Marvin White & L. Lamar Wilson
from left to right: Marvin White and L. Lamar Wilson
--L. Lamar Wilson
I do not know her name, but without her,
We Do Not Know Her Name
we do not have a name. No name, no face,
no place with your people, my people. You
have forgotten us, the tawny ones like my great-
grandmother, like Chief Osceola's Morning Dew,
the drops of your blood mixed with ours,
how you fought for her honor & ours,
because we were wronged, together. My hero,
your Osceola, loved his Morning Dew,
got his wife's brothers – my ancestors
& yours – to soak the Florida soil, the Georgia clay,
with a richer red. Her seeds, your seeds, legion.
Don't remember that now? How we wandered
with you along rivers now reduced to a trail,
made new homes in Okeechobee swamps, Oklahoma
& Mexico deserts. Learned Cherokee, French & Spanish.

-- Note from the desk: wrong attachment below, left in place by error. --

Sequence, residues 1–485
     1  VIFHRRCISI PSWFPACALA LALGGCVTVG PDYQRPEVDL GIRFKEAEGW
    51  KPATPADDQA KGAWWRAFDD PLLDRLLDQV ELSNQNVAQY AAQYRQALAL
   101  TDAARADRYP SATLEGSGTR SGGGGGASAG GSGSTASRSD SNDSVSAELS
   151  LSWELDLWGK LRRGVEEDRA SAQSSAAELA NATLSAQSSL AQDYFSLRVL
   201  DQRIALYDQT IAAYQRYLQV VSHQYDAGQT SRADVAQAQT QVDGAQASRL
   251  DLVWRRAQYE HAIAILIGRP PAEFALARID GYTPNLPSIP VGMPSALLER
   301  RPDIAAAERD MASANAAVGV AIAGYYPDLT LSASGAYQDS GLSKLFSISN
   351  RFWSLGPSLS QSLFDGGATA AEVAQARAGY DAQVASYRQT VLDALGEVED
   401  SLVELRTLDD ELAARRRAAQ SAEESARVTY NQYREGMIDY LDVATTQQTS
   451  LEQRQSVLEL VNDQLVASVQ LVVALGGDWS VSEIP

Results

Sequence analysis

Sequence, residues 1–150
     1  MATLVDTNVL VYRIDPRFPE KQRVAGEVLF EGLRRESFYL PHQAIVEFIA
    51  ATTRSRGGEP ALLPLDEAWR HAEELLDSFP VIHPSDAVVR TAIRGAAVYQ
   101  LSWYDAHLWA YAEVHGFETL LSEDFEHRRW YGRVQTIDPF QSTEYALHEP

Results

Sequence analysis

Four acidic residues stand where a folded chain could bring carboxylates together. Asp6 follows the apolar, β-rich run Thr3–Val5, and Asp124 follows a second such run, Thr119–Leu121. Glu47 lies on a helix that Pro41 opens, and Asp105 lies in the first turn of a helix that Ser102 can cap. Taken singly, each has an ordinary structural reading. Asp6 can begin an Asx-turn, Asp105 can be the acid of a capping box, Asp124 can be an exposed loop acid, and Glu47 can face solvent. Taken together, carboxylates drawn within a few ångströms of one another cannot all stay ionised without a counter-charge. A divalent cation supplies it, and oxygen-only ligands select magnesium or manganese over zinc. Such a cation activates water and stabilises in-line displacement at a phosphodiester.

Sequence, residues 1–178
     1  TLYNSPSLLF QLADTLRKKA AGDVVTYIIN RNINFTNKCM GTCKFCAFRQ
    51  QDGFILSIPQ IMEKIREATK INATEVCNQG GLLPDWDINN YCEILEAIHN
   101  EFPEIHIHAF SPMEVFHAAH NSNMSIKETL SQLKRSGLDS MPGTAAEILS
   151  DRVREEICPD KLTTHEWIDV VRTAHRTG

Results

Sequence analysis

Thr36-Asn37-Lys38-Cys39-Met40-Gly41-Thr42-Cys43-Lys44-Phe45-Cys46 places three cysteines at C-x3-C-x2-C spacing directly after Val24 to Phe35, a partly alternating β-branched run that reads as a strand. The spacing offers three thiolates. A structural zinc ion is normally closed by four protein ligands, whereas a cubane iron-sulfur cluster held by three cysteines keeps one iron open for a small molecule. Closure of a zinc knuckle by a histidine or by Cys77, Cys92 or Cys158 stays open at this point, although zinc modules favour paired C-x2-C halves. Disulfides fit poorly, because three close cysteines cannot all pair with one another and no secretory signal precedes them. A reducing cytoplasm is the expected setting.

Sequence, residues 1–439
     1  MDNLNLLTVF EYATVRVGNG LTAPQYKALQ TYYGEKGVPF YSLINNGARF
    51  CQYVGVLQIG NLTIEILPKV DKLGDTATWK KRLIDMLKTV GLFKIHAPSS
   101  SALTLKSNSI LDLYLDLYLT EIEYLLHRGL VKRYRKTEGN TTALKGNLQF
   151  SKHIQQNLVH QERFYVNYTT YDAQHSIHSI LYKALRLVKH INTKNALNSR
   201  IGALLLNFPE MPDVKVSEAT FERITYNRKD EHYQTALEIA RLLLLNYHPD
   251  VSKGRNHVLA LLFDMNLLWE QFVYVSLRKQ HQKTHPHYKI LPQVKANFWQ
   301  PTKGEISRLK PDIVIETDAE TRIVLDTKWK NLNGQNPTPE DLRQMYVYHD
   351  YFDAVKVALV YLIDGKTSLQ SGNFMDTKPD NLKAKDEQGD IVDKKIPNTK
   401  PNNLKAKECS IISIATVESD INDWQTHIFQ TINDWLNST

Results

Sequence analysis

Contigo. History's dead now. My grandfather's mother –
she's dead, too. No name, no face, no place
with my people: you. Only a figment
of her daughter-in-law's fading memory now,
the glaucoma & Alzheimer's clouding visions
of hair that crowned breasts & hips like a halo.
You have forgotten us. You have voted
us away from the land our blood bought.
We don't remember that now,
either. We do not know our names.
* * *
L. Lamar Wilson's poem originally appeared in Crab Orchard Review,
Summer/Fall 2009. Reprinted with the permission of the author.
All Rights Reserved.